The negotiation process has to be inclusive. As the UK wants to redefine its relationship with the EU, the matter affects every member of the club, not just some. And the process will also have to include the European Commission and the European Parliament. We understand that there are high expectations in the UK regarding our role in the negotiation process.‎ Germany will play its role in that process – and it will play it constructively. But the EU institutions are in the driver’s seat when it comes to finding a sustainable solution which is acceptable for all partners.

There is, however, one thing that we have to keep in mind over the course of the negotiations: the world around us will not stop due to this process. The challenges for all European countries remain and new challenges may arise.


As I mentioned at the beginning of my speech, sometimes it helps to change your perspective to better understand a subject. It is essential that we exchange our views and try to understand the positions of our partners. That is why I came to London this week. I am not here just to give a speech and leave afterwards. I am here to learn from you about your concerns, about your ideas, about your views on Europe.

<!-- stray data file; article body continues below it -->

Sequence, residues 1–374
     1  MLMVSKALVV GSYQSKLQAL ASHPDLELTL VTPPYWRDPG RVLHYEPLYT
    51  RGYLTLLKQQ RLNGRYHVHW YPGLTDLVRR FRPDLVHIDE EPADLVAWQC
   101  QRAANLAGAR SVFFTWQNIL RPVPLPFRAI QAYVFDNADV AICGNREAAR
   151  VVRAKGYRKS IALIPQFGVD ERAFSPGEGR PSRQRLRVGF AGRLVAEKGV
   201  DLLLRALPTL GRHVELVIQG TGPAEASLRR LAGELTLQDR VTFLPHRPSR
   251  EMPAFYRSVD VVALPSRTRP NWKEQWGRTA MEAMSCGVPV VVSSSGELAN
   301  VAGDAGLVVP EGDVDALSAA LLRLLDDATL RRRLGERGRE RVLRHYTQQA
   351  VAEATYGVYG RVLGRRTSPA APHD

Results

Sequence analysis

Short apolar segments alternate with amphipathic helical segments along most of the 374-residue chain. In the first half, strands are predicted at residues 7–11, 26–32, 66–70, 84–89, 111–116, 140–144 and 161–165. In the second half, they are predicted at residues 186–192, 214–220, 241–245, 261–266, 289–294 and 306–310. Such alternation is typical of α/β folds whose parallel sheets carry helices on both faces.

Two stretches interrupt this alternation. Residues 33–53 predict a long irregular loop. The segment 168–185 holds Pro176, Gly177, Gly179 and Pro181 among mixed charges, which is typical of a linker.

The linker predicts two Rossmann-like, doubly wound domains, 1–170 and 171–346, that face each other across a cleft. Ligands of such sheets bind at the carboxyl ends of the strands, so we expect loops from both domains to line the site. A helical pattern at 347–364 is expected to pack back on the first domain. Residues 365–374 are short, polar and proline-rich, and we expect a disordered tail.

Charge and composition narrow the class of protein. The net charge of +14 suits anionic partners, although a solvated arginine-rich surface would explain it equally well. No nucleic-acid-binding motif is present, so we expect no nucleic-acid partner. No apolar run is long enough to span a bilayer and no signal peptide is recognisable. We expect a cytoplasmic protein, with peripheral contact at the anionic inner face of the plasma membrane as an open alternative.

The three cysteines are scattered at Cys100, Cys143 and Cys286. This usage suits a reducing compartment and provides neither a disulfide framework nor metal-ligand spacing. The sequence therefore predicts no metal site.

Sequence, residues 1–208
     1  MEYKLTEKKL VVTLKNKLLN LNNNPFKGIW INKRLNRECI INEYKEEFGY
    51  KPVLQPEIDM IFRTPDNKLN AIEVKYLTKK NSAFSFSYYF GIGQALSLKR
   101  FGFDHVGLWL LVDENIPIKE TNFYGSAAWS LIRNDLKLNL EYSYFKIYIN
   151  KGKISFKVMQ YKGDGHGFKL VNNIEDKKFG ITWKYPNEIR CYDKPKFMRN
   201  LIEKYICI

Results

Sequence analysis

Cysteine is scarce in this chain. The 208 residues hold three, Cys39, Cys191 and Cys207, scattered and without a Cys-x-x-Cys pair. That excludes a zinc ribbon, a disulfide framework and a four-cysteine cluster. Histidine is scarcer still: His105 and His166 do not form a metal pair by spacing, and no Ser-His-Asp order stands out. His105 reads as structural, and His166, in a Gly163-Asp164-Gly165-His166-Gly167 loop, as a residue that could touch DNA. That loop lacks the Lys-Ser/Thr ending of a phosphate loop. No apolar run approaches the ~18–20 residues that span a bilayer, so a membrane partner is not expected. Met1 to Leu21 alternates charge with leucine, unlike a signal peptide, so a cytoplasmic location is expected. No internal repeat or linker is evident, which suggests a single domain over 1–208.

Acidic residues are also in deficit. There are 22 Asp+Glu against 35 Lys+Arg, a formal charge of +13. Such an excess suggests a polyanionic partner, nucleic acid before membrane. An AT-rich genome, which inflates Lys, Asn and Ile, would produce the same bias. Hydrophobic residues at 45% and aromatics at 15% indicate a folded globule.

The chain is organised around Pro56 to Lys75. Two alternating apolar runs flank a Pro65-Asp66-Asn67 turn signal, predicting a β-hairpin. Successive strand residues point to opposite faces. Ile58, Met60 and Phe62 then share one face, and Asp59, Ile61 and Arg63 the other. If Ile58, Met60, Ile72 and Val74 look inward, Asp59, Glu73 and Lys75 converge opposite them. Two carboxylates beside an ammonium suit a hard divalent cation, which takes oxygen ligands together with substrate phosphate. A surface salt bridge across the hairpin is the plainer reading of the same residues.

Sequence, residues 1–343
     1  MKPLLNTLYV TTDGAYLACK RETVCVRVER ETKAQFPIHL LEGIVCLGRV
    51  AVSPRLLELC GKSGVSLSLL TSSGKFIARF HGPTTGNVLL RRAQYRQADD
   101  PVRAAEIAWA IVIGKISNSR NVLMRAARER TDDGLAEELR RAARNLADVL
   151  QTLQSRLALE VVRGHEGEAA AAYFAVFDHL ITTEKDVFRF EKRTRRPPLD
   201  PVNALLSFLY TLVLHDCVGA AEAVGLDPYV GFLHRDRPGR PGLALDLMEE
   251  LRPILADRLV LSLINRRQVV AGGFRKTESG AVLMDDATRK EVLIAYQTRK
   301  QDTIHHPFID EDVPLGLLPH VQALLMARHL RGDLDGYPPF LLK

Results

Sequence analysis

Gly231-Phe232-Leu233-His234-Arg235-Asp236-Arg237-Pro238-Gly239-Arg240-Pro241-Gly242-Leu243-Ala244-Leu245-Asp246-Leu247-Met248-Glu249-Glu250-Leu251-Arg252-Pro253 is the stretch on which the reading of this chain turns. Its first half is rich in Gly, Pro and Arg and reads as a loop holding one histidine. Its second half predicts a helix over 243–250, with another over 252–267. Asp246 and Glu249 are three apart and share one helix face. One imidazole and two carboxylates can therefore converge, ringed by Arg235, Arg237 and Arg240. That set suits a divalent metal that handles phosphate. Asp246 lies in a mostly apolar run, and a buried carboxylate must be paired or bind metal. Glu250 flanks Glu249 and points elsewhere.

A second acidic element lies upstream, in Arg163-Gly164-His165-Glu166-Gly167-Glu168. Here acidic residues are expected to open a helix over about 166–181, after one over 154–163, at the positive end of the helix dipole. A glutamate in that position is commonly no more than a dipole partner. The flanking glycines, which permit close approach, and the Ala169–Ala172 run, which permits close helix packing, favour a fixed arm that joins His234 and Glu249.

And I am quite sure that this is also the reason why the Queen is on an official visit to Germany this week. It is a pity that I am missing the Queen’s official visit to Berlin. It is her fifth state visit to Germany in the last 50 years, so the Queen is probably quite familiar with the German perspective. Recently a big German newspaper even asked “How German is the Queen?” – referring to her German ancestry. Even if I cannot be with the Queen today: it is a pleasure to be here with you to learn more about your perspective, the British perspective, on Europe. And now, after my speech, you might ask yourself “How British is Michael Roth?” I am really curious to hear what you think.